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Nat Commun. 2016 Jun 17;7:11965. doi: 10.1038/ncomms11965.

Microbial interactions lead to rapid micro-scale successions on model marine particles.

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Computational and Systems Biology Graduate Program, Massachusetts Institute of Technology, Cambridge, Massachusetts 02139, USA.
Department of Civil, Environmental and Geomatic Engineering, Institute of Environmental Engineering, ETH Zürich, Zürich 8093, Switzerland.
Department of Physics, Physics of Living Systems, Massachusetts Institute of Technology, Cambridge, Massachusetts 02139, USA.
Department of Civil and Environmental Engineering, Massachusetts Institute of Technology, Cambridge, Massachusetts 02139, USA.
Department of Environmental Systems Science, Institute of Biogeochemistry and Pollutant Dynamics, ETH Zürich, Zürich 8092, Switzerland.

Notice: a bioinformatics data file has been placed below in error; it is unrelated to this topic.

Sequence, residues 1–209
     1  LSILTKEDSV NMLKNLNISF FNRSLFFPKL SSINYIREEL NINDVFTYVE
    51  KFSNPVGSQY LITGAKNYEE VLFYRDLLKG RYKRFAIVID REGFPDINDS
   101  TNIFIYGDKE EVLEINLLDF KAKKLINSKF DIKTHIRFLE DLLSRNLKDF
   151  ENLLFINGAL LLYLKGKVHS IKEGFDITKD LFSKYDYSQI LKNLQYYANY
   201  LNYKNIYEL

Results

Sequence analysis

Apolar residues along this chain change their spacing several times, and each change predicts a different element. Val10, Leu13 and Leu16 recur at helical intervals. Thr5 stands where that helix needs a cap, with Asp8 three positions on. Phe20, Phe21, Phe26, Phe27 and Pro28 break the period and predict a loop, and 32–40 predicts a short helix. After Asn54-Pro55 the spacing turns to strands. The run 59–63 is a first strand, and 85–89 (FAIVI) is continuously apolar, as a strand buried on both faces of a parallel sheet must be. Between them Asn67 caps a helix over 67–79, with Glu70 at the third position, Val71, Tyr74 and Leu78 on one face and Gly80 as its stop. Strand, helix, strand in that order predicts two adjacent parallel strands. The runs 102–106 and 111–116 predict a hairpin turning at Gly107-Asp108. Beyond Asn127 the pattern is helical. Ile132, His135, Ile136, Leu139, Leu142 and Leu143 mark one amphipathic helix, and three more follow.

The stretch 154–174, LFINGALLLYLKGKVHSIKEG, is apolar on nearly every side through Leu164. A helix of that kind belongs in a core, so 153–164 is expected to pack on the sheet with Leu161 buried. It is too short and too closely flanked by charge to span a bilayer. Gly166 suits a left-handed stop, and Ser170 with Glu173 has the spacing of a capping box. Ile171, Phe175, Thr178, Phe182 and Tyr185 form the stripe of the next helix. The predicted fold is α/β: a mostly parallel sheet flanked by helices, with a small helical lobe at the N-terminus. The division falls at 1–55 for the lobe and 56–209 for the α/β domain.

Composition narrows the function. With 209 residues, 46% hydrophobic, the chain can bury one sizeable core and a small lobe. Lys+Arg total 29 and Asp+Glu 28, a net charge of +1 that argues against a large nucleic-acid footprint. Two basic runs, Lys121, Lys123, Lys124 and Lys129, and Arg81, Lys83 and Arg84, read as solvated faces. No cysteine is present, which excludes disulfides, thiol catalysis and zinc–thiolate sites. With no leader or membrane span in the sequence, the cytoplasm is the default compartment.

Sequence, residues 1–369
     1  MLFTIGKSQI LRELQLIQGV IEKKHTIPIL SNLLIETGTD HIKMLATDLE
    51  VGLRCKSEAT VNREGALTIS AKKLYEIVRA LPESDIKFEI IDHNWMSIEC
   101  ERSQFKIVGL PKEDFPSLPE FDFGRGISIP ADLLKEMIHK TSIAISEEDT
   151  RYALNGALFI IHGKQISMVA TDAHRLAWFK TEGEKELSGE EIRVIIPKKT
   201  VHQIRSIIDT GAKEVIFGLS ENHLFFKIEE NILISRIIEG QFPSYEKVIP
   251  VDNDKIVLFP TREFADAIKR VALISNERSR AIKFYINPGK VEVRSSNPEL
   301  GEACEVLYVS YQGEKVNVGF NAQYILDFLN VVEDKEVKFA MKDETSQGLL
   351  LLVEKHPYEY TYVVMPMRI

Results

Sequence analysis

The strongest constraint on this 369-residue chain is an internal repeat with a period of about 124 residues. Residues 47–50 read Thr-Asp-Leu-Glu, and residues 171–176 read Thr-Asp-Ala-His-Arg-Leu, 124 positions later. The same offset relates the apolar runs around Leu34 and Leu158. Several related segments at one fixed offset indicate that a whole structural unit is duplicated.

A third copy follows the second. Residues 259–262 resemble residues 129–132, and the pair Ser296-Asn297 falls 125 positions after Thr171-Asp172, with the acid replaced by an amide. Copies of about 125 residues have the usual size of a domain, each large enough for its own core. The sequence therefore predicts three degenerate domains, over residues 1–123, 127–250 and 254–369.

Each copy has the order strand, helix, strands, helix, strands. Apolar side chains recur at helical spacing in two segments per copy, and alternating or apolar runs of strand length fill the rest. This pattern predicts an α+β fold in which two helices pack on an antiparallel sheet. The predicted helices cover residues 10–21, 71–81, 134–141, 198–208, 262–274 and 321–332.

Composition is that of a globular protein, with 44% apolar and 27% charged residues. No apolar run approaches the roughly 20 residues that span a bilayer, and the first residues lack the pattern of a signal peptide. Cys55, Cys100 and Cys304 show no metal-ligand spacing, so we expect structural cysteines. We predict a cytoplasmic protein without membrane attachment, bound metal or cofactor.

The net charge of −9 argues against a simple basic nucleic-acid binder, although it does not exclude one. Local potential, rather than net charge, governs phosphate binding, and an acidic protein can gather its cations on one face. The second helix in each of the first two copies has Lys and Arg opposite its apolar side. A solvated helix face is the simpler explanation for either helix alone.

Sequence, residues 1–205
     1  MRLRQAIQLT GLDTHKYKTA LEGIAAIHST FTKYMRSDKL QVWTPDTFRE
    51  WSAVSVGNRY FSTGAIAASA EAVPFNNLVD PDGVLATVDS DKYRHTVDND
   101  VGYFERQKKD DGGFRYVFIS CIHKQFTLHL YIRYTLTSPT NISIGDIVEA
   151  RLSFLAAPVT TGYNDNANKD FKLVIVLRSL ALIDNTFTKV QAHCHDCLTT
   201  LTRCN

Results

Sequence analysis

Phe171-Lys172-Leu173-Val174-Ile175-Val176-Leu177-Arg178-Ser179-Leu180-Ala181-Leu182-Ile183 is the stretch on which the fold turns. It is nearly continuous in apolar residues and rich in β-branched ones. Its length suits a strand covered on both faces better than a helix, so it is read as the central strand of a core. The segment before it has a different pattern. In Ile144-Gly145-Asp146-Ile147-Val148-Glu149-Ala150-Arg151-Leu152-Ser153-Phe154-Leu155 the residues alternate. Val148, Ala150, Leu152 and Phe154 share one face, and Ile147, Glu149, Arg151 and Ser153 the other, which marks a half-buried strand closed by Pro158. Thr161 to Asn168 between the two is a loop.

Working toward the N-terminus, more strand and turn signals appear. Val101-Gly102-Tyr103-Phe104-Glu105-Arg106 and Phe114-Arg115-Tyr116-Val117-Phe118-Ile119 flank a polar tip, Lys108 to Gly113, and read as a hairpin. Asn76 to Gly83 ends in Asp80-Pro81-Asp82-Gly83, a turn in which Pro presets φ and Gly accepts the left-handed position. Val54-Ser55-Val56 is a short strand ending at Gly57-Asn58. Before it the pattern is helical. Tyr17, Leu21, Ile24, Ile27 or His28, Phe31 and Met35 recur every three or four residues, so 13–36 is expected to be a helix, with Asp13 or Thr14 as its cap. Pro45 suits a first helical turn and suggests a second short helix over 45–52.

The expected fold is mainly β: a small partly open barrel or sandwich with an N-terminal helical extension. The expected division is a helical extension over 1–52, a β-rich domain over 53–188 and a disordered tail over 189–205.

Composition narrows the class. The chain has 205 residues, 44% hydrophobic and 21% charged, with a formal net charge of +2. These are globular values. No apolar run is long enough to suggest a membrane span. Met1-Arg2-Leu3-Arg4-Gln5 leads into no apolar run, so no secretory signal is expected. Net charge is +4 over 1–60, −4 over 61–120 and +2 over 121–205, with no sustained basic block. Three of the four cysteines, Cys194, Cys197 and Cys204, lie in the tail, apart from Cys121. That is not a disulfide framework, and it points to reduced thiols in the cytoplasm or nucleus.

In the ocean, organic particles harbour diverse bacterial communities, which collectively digest and recycle essential nutrients. Traits like motility and exo-enzyme production allow individual taxa to colonize and exploit particle resources, but it remains unclear how community dynamics emerge from these individual traits. Here we track the taxon and trait dynamics of bacteria attached to model marine particles and demonstrate that particle-attached communities undergo rapid, reproducible successions driven by ecological interactions. Motile, particle-degrading taxa are selected for during early successional stages. However, this selective pressure is later relaxed when secondary consumers invade, which are unable to use the particle resource but, instead, rely on carbon from primary degraders. This creates a trophic chain that shifts community metabolism away from the particle substrate. These results suggest that primary successions may shape particle-attached bacterial communities in the ocean and that rapid community-wide metabolic shifts could limit rates of marine particle degradation.

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